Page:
The sending of the paper from Deputy Speaker to Rules Chairman to Justice Committee of course constituting the start of the one-year countdown of the ban on further impeachment complaints.

So my questions focused on asking del Mar why he was rushing to refer the complaint, his answer was, it’s ministerial, and then I asked Defensor if he, as Chairman, could act on behalf of a committee he only chaired but which had more than himself as members; Defensor was offended and said the whole procedure is normally concluded as he said it would be, that he was confident in speaking for the committee, etc.

Questions from the reporters present concentrated on this rush to start the Constitutional countdown while others focused on relations between the Speaker and the President.

But I had to keep asking myself, why is the Speaker, who, depending on whom you asked earlier that afternoon, had been browbeaten by the President, or threatened with being deposed, or otherwise facing a momentous event in his political life, so relaxed, so calm -and what did he have to gain from surrendering to the Palace?

Fine, he actually did the ethical thing, but I have to wonder if his inhibiting himself was the best legal advice. Fine, he gets to keep the Speakership, if the President did have the numbers. He may even think he did the country a favor by heading off the possibility of an impeachment, and the President maybe, owes him another favor.

But what does he have to gain, politically, from caving in like this?

He has to have something up his sleeve, I kept telling myself as I left the press conference.

But I have to figure out what that could be.

Update 7:58 pm and 9:08 pm Got a report that on radio it was pointed out that there’s a problem with what the Speaker did. The Constitution, according to some lawyers (and Rep. Rufus Rodriguez is apparently already raising hell about it on the floor of the House as I write this), does not give the Speaker any discretion.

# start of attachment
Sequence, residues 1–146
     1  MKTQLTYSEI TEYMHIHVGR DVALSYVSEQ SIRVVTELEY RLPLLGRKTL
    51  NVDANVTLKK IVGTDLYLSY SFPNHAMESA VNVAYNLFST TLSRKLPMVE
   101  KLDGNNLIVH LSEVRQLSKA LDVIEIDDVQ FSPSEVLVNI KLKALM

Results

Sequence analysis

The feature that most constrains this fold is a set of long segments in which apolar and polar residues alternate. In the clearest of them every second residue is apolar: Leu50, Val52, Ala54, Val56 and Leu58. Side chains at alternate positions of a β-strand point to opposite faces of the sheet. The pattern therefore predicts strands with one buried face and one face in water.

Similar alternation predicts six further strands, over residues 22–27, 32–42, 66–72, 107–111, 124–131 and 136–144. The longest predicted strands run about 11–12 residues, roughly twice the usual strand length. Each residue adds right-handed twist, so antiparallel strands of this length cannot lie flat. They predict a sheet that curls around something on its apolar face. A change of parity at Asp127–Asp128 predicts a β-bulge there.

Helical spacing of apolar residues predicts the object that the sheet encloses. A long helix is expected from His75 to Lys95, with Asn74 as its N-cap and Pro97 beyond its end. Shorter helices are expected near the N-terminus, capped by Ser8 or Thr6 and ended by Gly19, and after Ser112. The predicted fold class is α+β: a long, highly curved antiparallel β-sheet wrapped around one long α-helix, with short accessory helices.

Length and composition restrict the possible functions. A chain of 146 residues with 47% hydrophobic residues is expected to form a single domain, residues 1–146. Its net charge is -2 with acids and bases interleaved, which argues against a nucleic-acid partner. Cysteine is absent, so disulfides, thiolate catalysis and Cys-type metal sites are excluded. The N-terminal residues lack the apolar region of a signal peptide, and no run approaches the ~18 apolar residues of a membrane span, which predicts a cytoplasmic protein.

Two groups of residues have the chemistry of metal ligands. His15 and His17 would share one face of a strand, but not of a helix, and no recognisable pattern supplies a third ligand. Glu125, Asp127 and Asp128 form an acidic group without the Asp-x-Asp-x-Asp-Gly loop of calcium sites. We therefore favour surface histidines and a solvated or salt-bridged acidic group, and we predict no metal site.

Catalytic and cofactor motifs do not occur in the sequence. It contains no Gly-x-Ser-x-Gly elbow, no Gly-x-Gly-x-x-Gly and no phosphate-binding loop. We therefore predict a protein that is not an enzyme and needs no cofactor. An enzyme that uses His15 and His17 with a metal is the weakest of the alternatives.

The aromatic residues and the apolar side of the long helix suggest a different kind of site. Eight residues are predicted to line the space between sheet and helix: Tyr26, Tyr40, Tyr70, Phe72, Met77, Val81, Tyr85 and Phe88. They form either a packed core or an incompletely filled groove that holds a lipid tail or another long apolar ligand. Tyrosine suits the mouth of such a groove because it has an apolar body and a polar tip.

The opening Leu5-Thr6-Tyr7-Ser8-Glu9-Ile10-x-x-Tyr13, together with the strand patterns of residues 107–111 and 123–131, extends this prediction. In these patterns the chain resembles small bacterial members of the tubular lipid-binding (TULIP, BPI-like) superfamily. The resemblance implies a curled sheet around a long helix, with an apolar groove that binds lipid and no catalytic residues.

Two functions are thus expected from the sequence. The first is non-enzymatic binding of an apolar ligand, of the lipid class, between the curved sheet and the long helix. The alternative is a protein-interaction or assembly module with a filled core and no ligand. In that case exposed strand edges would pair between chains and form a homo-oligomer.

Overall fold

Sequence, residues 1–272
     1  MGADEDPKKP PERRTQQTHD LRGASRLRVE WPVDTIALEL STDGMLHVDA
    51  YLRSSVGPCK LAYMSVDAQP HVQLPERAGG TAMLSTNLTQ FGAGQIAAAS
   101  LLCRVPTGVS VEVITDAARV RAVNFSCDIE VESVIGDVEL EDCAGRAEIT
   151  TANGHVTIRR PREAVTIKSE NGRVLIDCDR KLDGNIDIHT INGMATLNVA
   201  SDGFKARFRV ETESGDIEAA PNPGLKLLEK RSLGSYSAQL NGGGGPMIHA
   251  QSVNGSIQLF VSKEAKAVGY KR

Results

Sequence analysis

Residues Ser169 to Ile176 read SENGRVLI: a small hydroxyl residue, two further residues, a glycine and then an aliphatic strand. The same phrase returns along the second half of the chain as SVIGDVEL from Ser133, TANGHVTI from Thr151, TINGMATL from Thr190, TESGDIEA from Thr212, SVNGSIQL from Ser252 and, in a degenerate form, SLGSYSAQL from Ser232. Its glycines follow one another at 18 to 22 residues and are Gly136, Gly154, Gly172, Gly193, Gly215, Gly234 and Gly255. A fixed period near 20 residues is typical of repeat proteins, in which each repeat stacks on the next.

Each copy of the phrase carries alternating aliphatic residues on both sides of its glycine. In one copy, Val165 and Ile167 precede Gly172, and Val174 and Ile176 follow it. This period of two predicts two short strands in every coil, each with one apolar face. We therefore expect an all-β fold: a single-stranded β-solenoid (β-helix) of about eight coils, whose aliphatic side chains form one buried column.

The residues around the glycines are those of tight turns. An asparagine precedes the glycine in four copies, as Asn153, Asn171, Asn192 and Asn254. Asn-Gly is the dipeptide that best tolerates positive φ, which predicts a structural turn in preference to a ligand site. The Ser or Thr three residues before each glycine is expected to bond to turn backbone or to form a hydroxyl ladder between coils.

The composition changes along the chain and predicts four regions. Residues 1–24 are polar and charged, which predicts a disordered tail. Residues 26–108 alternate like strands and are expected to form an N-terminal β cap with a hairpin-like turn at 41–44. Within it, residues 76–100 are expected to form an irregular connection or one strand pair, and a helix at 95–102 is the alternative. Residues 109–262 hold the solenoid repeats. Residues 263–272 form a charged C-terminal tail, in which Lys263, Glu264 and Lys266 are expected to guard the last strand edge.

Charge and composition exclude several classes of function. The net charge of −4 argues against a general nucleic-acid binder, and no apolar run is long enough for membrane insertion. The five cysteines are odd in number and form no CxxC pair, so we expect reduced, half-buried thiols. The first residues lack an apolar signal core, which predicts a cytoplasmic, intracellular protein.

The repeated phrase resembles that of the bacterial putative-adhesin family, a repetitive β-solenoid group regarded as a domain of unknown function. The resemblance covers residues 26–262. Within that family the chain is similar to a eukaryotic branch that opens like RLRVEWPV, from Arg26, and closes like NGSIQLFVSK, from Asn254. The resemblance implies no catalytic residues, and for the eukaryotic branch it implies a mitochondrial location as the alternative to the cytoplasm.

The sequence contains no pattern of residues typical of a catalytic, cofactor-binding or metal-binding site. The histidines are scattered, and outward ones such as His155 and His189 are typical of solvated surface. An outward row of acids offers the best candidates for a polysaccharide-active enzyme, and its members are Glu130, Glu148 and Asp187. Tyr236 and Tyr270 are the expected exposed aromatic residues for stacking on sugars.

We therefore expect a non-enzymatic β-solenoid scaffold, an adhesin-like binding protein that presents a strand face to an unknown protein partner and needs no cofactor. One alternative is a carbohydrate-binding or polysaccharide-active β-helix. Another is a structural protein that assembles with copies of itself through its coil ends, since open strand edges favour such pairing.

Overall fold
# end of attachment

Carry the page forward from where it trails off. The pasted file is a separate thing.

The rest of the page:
The Speaker, and only the Speaker, must do the referral. He cannot delegate it, he cannot inhibit himself, it can only be the Speaker and no one else. So goes the argument.

I asked some lawyers and they concur: when the Constitution is clear and specific, and cites no exceptions, then it must be done in the manner and by whom the Constitution says. One lawyer gave a Solomonic answer: is the Speaker the only person who can refer the complaint, and if the Speaker didn’t, is there a justiciable case?

Here are their various answers:

Yes, based on the constitution [article XI. section 3.[2] and the rules of the house on impeachment [section 3. Rule 3.]. But note section 14 [h.] of the Rules of the House. authorizing the speaker to designate a member as tempo presiding officer. after informing the deputy speakers in case he/she temporarily unable to do so.